© Jon Rehg |

US president Biden stepped in at the eleventh hour to avert a work stoppage that could paralyse the severely strained rail system.

With the possibility of industrial action as early as today (18 July), he signed an executive order on Friday for a board of arbitrators to seek a solution to the railway contract dispute simmering since January 2020.

During the 60 days given to the board to develop a compromise, no industrial action can happen.

“I have been notified by the National Mediation Board that, in its judgment these disputes threaten substantially to interrupt interstate commerce to a degree that would deprive a section of the country of essential transportation service,” the president wrote in the order.

While the rail labour unions and carriers had expressed a desire to resolve their long-standing dispute, 115,000 rail workers were in a position to begin industrial action today after the Brotherhood of Locomotive Engineers and Trainmen voted almost unanimously (99.5%) in favour of a strike – unless the government was to intervene to mediate.

The two sides have been at loggerheads over wages and worker benefits, but also over work rules. The central conflict here is around carrier plans to reduce train crews from two to one person.

Earlier this year the National Mediation Board had stepped in to break the impassé, but last month it threw in the towel and released the parties from mediation, triggering a 30-day cooling-off period that expired yesterday.

Several industry groups – including the National Retail Federation, Chamber of Commerce, Intermodal Association of North America (IANA) and the American Trucking Association – have been urging the White House in recent weeks to step in and appoint mediators in order to prohibit a stoppage, warning of disastrous consequences.

In her letter to the White House, IANA president and CEO Joni Casey painted the risk of nationwide rail shutdown in the middle of the peak season.

“Failure to reach a reasonable agreement could result in disruptions not just in the rail industry but the broader supply chain, from manufacturers to retailers to consumers,” she warned. The downstream effect of such an event would be further supply shortages and higher costs to Americans at a time of record inflation. Nobody wants this to occur, and political leaders can play an important role.”

“It is imperative that the administration act to prevent any disruption to America’s rail service,” wrote US Chamber president and CEO Suzanne Clark. “Any breakdown would be disastrous for US consumers and the economy, and potentially return us to the historic supply chain challenges during the depths of the pandemic.”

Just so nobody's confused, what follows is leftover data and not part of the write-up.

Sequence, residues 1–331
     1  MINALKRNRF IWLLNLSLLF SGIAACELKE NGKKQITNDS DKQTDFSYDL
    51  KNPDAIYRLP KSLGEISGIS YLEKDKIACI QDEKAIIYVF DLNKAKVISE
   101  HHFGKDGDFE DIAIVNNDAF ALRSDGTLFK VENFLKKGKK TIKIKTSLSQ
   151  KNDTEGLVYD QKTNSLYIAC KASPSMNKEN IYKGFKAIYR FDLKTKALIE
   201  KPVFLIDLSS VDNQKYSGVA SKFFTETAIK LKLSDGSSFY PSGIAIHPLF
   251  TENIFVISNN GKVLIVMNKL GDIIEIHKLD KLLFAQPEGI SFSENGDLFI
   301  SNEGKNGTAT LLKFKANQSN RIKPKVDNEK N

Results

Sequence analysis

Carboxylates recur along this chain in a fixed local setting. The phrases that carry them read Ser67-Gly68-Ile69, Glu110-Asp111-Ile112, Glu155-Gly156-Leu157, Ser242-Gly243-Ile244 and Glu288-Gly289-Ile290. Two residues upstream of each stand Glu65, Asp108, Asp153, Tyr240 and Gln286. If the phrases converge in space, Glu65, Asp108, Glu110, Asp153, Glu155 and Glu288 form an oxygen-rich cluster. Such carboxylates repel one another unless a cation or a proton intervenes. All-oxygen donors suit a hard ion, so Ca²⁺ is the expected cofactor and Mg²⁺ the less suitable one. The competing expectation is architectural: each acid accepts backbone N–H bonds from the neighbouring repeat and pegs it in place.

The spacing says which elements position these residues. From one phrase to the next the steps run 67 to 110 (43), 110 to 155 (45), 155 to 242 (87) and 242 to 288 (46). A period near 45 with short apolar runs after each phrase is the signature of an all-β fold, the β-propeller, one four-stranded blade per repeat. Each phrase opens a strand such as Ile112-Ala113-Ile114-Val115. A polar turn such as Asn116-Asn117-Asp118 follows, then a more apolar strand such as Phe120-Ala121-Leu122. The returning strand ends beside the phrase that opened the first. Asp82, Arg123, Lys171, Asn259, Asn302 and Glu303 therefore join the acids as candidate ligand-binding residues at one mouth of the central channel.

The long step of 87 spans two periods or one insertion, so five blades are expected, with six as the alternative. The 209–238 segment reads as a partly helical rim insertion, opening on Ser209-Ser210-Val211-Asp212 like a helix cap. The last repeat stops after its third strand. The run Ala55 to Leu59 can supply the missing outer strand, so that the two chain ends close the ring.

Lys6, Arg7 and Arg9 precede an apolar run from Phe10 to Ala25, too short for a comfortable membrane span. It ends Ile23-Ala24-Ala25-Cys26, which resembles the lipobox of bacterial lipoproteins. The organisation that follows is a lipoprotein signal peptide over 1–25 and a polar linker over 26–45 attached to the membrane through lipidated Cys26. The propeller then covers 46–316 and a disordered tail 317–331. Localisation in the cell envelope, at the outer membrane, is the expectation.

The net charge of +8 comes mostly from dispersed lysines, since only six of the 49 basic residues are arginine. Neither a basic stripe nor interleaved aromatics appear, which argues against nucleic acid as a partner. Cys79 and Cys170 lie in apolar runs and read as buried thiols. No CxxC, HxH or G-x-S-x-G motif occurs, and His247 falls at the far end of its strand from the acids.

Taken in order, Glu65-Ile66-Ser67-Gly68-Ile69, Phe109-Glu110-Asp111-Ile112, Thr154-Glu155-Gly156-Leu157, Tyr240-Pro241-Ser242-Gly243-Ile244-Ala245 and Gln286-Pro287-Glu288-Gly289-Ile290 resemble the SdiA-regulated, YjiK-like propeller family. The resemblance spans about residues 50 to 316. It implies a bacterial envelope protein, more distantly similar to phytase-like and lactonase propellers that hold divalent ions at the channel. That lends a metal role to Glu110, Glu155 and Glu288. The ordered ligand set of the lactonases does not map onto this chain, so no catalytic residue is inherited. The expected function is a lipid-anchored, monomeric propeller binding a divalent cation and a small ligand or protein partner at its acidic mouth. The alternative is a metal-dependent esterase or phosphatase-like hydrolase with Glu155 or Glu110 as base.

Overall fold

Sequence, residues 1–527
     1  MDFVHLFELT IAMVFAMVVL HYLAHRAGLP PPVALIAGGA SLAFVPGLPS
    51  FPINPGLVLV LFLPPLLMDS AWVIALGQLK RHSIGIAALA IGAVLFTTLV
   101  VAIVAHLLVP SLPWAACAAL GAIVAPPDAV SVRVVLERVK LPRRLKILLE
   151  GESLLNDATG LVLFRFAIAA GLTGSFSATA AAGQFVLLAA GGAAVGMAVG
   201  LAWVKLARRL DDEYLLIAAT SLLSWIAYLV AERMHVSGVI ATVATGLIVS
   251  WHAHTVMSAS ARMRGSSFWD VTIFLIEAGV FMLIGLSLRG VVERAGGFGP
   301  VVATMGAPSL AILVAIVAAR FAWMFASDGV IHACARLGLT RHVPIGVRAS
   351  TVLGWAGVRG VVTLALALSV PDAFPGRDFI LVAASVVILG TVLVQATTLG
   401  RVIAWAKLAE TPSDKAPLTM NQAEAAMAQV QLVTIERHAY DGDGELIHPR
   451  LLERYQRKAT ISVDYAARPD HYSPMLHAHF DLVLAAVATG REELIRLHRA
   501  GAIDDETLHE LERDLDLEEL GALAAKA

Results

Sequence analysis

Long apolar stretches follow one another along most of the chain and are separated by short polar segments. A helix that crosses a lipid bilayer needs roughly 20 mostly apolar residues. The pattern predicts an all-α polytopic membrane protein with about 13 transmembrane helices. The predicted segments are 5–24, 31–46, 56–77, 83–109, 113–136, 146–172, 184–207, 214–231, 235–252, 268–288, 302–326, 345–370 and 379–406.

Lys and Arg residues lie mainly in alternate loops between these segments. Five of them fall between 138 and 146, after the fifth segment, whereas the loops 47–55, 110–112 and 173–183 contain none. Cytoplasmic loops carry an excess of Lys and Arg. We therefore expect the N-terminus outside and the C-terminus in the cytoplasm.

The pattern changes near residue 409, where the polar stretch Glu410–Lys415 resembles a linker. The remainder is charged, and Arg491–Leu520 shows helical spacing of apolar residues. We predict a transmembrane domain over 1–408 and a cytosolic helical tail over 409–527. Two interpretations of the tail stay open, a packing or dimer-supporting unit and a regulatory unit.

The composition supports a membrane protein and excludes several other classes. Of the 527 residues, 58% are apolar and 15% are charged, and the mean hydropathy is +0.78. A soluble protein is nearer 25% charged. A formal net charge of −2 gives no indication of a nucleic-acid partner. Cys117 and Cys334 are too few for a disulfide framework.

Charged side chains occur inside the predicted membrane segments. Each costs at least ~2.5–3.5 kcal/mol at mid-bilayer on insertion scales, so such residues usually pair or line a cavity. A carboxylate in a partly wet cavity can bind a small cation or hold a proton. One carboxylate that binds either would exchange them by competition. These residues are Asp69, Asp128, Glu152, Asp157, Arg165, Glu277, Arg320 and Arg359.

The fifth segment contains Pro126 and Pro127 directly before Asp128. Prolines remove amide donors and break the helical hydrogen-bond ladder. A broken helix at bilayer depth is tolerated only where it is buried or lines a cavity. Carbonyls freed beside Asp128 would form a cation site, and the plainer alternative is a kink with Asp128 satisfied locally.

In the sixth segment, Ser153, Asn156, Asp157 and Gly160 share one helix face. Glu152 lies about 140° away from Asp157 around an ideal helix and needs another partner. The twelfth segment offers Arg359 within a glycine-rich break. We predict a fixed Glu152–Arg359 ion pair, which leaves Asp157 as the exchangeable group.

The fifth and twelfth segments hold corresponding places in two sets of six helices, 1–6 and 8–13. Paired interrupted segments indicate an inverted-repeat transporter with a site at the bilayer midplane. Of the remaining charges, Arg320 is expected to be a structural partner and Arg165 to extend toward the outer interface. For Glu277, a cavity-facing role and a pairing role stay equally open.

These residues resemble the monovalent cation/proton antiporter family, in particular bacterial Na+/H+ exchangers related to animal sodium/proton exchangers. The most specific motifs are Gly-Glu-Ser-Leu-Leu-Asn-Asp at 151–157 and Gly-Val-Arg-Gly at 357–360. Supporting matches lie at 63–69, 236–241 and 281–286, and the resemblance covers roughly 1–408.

There is a broad consensus that the US rail system is in a precarious state and would be unable to withstand a severe disruption. In a press conference on 13 July, Gene Seroka, executive director of the port of Los Angeles, voiced concern over the build-up of containers at the docks caused by rail service issues and warned that failure to address this would be a major risk to supply chains.

“All eyes are focused on improving the rail product. Full stop. The bottom line is that we must take action on this issue immediately to avoid a nationwide logjam,” he said.

In addition to congested rail facilities and shortages of equipment, the industry is seriously short of staff – largely the carriers’ own doing. In the years before the pandemic, they slashed employee numbers in their quest to implement precision railroading, and now they find themselves unable to attract enough recruits.

Martin Oberman, CEO of the US Surface Transportation Board, has blamed the rail companies in part for the deterioration in their service levels, accusing them of operating with “bare bones” workforces after shedding 45,000 staff over six years.

The mediation board created by the president’s executive order will conduct hearings with labour and employer representatives and report its findings to the White House after 30 days. This will be followed by discussions of the recommendations with opponents. Both sides have welcomed the appointment and expressed hopes that this will break the impassé. If no solution is reached after 30 days of negotiations, Congress could step in to prohibit a stoppage and craft a binding agreement.

Eleven years ago, President Obama went the same route as Mr Biden now, establishing a mediation board to break an impassé in a long-lasting labour dispute. That time it was contract negotiations between rail companies and unions.

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